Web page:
The adoption process varies among states, but some similar general guidelines exist. To closely examine these processes, we concentrate on the state of New York. For example, The Office of Children and Family Services in the state of New York describes the legal process of adoption, from application to finalization, as lengthy. It can last up to six months or more, depending on the time you apply and before a child is placed into your home.
Additionally, it will take at least three to twelve months before the adoption may be finalized in court. The basic tasks in the adoption process in New York state include:
- Choosing an adoption agency;
- Completing the home study process;
- Attending agency-sponsored training;
- Working with a caseworker to seek out an appropriate match;
- Visiting with the child;
- Working with a caseworker to apply for a subsidy, if eligible;
- Bringing your child home;
- Completing at least three months of supervision, if necessary;
- Completing the adoption in court and;
- Contacting the agency for post-adoption services as needed.
In New York, there are more than 130 adoption agencies. New York’s 58 social services districts have an adoption unit, and more than 70 authorized voluntary agencies collaborate with adopting families statewide. Public and private agencies do not charge a fee for adoption services provided on behalf of children who are in the legal guardianship of the local social services commissioner.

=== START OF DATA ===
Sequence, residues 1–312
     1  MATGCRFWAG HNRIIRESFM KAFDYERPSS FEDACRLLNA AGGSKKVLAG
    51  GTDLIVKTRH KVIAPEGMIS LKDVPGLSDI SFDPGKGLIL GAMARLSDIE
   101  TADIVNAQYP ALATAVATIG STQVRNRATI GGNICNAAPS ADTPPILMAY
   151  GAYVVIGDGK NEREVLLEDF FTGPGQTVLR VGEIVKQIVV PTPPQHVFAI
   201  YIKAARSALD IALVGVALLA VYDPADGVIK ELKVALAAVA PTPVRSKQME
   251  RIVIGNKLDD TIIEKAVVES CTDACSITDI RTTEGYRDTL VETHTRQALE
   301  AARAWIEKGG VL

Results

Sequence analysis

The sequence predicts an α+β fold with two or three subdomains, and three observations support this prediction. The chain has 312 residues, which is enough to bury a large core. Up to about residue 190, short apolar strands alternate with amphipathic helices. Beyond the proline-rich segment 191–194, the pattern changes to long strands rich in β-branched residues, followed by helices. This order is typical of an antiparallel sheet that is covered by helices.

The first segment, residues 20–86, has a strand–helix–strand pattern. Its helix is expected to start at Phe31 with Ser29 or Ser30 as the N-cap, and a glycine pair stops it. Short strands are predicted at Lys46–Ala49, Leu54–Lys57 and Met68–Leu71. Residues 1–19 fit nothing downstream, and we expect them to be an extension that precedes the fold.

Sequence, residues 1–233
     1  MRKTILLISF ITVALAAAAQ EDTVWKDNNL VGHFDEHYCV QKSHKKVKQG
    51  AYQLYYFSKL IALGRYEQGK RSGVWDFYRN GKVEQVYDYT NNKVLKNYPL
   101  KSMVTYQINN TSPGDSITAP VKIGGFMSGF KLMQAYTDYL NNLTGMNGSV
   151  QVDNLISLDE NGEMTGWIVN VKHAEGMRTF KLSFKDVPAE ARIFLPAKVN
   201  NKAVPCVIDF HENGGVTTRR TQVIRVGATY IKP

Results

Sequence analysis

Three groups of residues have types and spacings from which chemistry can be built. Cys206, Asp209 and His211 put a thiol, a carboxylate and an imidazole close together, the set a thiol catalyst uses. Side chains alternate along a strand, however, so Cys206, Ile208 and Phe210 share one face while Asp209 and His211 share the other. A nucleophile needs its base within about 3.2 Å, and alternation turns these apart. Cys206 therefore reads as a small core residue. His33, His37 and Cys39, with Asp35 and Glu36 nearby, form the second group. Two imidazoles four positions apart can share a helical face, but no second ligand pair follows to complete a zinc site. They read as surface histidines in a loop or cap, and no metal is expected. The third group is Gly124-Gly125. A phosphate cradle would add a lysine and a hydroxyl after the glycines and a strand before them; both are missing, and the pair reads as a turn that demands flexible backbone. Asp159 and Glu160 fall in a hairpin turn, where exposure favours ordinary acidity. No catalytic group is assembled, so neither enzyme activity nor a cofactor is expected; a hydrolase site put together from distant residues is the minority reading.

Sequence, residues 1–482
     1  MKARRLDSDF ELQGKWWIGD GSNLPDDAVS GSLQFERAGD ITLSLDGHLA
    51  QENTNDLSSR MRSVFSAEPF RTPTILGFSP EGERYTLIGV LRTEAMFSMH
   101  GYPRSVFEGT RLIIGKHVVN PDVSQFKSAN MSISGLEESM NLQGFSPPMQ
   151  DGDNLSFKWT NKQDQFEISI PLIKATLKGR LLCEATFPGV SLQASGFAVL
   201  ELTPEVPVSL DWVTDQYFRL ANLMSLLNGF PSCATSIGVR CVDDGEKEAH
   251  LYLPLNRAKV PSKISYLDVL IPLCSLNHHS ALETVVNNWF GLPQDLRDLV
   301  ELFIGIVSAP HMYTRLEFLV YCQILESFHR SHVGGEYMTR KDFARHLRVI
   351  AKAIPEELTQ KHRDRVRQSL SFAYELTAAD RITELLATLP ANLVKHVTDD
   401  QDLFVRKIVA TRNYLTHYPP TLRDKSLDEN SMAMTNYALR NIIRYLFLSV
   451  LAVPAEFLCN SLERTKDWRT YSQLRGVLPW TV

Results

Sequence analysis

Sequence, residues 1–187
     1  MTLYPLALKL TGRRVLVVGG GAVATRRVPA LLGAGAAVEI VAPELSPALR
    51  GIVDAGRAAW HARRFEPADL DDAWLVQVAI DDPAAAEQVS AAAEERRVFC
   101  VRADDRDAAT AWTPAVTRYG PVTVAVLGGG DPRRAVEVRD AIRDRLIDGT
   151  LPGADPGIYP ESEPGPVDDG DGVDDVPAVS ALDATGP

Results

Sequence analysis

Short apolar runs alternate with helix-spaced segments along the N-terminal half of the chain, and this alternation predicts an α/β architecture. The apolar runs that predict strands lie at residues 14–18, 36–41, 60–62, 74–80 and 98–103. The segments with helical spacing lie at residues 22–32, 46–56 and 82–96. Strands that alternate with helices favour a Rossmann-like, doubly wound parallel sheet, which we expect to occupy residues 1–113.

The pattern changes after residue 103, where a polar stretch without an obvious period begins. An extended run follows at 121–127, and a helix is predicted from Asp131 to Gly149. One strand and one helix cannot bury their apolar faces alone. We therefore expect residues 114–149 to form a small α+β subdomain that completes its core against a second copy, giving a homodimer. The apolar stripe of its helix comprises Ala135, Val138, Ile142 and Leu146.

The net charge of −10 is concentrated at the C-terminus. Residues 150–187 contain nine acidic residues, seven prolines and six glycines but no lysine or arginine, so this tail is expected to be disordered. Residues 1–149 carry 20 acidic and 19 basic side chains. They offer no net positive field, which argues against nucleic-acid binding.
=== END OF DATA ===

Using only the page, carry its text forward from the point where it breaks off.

However, fees generally are based on the adoptive family’s income for the adoption of children in the legal guardianship of authorized voluntary agencies. Few agencies charge fees when families adopt children with special needs.
Choosing an adoption agency is a crucial step. Communicating with different agencies and adoptive parents or parent support groups to learn how the agencies function with prospective adoptive parents is necessary for your benefit. It is difficult to change agencies once the adoption process has started. A list of these agencies is available on every state website. While attending agency-sponsored training, adoption agencies generally expect applicants to participate in adoptive parent training. This training consists of multiple sessions designed to:
- Assist families in understanding adoption;
- Examine the strengths they bring to adoption;
- Decide whether they are prepared to adopt;
- Provide skills and knowledge needed when adopting;
- Support families to understand the needs of foster children, as well as the kind of child they would best parent and;
- Working with your caseworker to find the appropriate child.